That said, I don’t think we should dismiss this problem lightly. One thing that troubles me is how superficially similar the failure mode I describe here is to the actual history of the EA movement: People say “Hey, let’s actually do some expected value calculations” and they start off by finding better global poverty interventions, then they start doing this stuff with animals, then they start talking about the end of the world, then they start talking about evil robots… and some of them talk about simulations and alternate universes...

Arguably this behavior is the predictable result of considering more and more possibilities in your EV calculations, and it doesn’t represent progress in any meaningful sense—it just means that EAs have gone farther down the funnel-shaped rabbithole than everybody else. If we hang on long enough, we’ll end up doing crazier and crazier things until we are diverting all our funds from x-risk prevention and betting it on some wild scheme to hack into an alternate dimension and create uncountably infinite hedonium.

>Imagine you are adding new possible outcomes to consideration, one by one. Most of the outcomes you add won’t change the EV much. But occasionally you’ll hit one that makes everything that came before look like a rounding error, and it might flip the sign of the EV.

But the probability of those rare things will be super low. It’s not obvious that they’ll change the EV as much as nearer term impacts.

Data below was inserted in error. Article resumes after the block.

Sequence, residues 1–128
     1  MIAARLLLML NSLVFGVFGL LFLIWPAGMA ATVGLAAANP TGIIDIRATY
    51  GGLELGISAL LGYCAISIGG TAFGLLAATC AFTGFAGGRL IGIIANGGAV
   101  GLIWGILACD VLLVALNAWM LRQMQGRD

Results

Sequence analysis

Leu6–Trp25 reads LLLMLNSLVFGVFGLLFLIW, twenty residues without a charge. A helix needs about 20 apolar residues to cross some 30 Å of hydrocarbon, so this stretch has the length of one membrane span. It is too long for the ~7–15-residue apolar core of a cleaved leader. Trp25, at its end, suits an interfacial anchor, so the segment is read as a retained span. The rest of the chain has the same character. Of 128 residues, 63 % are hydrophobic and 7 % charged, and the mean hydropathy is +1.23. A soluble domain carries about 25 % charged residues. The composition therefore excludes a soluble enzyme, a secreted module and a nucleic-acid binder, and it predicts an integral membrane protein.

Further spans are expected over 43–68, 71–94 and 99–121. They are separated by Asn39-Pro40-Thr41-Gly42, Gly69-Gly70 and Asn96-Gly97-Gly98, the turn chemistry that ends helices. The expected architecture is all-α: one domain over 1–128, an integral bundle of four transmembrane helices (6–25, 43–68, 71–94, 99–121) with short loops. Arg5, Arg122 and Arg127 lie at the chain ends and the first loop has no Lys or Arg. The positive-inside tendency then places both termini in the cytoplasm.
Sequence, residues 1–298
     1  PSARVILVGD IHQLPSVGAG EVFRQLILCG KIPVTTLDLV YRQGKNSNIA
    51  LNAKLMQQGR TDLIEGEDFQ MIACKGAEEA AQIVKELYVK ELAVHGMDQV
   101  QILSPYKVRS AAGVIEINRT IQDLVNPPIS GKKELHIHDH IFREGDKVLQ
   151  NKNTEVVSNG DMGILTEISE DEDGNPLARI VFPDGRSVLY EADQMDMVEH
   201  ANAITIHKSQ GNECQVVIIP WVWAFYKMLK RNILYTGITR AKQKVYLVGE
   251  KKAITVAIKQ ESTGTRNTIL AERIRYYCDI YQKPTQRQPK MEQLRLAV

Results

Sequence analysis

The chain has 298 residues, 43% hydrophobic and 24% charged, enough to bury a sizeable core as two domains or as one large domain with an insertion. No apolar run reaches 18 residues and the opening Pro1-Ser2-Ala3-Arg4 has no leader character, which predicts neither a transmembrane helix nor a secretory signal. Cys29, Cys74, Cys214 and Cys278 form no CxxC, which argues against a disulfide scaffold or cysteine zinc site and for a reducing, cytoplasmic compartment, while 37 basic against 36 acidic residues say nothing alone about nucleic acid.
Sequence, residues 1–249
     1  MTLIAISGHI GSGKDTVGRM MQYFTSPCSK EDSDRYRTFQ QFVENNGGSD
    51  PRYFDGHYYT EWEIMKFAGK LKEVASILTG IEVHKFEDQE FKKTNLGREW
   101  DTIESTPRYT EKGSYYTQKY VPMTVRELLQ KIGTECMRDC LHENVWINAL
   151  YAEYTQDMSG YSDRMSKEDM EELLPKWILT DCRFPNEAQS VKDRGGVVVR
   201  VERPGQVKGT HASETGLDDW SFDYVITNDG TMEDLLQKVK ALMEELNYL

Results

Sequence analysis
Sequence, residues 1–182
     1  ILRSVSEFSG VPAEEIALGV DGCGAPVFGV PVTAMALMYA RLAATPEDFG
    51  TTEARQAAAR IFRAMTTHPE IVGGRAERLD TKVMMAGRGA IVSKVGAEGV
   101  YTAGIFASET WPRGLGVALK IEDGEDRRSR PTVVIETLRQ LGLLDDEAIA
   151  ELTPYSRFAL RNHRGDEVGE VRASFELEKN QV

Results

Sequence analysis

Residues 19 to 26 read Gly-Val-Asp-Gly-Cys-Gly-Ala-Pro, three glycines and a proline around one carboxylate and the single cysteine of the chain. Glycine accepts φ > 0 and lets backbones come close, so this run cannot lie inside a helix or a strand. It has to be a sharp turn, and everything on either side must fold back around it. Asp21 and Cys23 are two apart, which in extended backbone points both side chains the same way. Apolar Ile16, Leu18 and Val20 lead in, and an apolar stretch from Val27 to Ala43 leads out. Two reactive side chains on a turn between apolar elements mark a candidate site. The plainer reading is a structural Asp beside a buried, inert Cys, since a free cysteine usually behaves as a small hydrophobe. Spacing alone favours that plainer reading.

This would benefit from an exercise in modeling the utilities and probabilities of a certain intervention to see what the distribution actually looks like. So far no one has bothered (or needed, perhaps) to actually enumerate the 2nd, 3rd, etc… order effects and estimate their probabilities. All this theorizing might be unnecessary if our actual expectations follow a different pattern.

>So this is a problem in theory—it means we are approximating an ideal which is both stupid and incoherent.

Are we? Expected utility is still a thing. Some actions have greater expected utility than others even if the probability distribution has huge mass across both positive and negative possibilities. If infinite utility is a problem then it’s already a problem regardless of any funnel or oscillating type distribution of outcomes.

>Arguably this behavior is the predictable result of considering more and more possibilities in your EV calculations, and it doesn’t represent progress in any meaningful sense—it just means that EAs have gone farther down the funnel-shaped rabbithole than everybody else.

Another way of describing this phenomenon is that we are simply seizing the low hanging fruit, and hard intellectual progress isn’t even needed.

Yes, if the profiles are not funnel-shaped then this whole thing is moot. I argue that they are funnel-shaped, at least for many utility functions currently in use (e.g. utility functions that are linear in QALYs) I’m afraid my argument isn’t up yet—it’s in the appendix, sorry—but it will be up in a few days!